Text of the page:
1. Total body areal bone mineral density was measured by dual-energy X-ray absorptiometry in eight women before and 10 weeks after a very-low-calorie diet [405 kcal (1701 kJ)/day].
2. The mean weight loss of 15.6 kg was accompanied by a statistically significant reduction in total body bone mineral density from 1.205 ± 0.056 to 1.175 ± 0.058 g/cm2 (mean ± sd, P < 0.005).
3. After cessation of the diet, weight gradually increased and by 10 months was similar to baseline values. Total body bone mineral density also increased after stopping the diet and mean values obtained 10 months after the diet did not differ significantly from initial values. Throughout the study total body bone mineral density values in all subjects were well within the range reported for normal subjects.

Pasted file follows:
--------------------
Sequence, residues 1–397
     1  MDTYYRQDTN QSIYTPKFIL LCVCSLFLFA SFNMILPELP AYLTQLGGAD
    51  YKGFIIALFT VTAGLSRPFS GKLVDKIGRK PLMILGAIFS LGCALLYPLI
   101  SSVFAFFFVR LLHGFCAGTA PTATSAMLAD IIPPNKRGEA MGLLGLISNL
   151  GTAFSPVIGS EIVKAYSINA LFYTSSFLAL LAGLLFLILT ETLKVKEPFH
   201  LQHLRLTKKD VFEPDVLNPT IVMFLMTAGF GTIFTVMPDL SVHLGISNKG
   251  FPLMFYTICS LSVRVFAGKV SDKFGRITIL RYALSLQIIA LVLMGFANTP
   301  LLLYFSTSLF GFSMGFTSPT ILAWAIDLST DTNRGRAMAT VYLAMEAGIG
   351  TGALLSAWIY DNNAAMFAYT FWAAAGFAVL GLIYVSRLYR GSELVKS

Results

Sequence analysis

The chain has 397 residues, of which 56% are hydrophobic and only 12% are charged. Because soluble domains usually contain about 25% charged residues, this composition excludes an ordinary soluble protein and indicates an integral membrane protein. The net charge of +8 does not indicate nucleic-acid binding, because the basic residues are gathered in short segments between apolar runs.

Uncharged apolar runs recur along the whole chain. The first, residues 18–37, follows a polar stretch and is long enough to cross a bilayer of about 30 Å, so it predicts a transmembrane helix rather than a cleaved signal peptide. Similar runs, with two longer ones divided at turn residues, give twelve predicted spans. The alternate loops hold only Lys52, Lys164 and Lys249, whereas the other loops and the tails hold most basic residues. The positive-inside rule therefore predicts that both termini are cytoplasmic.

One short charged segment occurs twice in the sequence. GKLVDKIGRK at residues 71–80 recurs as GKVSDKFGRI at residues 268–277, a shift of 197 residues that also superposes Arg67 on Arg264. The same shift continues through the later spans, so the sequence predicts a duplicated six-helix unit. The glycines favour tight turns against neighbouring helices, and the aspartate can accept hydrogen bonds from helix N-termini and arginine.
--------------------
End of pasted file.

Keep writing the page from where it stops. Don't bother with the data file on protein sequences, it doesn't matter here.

4. These data indicate that diet-induced weight loss is associated with rapid bone loss, subsequent weight gain being accompanied by increases in bone mass. Further studies are required to establish the clinical significance of these findings and, in particular, the skeletal distribution of bone loss.